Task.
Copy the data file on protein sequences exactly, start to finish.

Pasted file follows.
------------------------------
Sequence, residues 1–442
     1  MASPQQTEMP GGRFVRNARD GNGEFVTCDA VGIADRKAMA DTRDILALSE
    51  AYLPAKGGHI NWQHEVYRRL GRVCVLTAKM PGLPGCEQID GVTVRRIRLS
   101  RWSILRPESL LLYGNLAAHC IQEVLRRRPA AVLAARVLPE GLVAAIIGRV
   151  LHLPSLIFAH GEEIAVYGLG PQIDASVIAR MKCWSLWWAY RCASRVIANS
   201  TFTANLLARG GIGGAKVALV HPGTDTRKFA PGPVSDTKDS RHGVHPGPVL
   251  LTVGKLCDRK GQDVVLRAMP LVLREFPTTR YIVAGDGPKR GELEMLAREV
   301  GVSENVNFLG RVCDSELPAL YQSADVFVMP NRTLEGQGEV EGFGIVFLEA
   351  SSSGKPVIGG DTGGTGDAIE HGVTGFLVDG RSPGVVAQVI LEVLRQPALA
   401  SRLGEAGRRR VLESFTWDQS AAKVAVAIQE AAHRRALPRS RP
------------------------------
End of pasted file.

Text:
Sequence, residues 1–442
     1  MASPQQTEMP GGRFVRNARD GNGEFVTCDA VGIADRKAMA DTRDILALSE
    51  AYLPAKGGHI NWQHEVYRRL GRVCVLTAKM PGLPGCEQID GVTVRRIRLS
   101  RWSILRPESL LLYGNLAAHC IQEVLRRRPA AVLAARVLPE GLVAAIIGRV
   151  LHLPSLIFAH GEEIAVYGLG PQIDASVIAR MKCWSLWWAY RCASRVIANS
   201  TFTANLLARG GIGGAKVALV HPGTDTRKFA PGPVSDTKDS RHGVHPGPVL
   251  LTVGKLCDRK GQDVVLRAMP LVLREFPTTR YIVAGDGPKR GELEMLAREV
   301  GVSENVNFLG RVCDSELPAL YQSADVFVMP NRTLEGQGEV EGFGIVFLEA
   351  SSSGKPVIGG DTGGTGDAIE HGVTGFLVDG RSPGVVAQVI LEVLRQPALA
   401  SRLGEAGRRR VLESFTWDQS AAKVAVAIQE AAHRRALPRS RP